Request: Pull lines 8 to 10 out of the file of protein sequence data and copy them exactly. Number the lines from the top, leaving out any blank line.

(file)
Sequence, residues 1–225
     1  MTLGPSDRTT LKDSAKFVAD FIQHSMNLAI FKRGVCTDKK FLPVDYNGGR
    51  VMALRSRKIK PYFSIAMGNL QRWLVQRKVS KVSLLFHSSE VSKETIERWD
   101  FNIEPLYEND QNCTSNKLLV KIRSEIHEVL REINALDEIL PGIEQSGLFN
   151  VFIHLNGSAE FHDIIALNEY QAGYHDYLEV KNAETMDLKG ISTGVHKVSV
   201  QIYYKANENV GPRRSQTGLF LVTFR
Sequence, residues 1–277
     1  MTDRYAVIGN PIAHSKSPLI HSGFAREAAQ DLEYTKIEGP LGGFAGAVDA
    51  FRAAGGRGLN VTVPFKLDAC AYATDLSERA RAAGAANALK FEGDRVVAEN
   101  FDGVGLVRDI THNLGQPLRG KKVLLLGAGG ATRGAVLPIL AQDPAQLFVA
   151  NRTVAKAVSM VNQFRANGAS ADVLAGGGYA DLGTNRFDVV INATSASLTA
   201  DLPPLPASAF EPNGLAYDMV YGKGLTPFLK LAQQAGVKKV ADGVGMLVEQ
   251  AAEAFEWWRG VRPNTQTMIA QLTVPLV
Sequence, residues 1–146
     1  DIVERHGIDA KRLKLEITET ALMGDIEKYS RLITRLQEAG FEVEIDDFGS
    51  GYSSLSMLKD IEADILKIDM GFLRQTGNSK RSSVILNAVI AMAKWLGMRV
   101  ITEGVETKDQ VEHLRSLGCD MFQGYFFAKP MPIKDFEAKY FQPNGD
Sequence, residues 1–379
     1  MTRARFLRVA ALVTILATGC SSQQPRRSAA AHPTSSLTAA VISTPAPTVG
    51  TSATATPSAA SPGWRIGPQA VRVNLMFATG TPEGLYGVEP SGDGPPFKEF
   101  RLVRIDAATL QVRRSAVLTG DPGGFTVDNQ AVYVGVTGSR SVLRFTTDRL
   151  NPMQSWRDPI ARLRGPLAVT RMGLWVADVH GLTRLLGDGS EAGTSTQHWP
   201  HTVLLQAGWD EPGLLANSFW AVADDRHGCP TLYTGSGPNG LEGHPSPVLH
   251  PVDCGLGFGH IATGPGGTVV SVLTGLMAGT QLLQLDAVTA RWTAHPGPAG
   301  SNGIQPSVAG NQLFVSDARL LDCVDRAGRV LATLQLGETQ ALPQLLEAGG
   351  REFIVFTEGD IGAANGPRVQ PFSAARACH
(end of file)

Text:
     1  MTDRYAVIGN PIAHSKSPLI HSGFAREAAQ DLEYTKIEGP LGGFAGAVDA
    51  FRAAGGRGLN VTVPFKLDAC AYATDLSERA RAAGAANALK FEGDRVVAEN
   101  FDGVGLVRDI THNLGQPLRG KKVLLLGAGG ATRGAVLPIL AQDPAQLFVA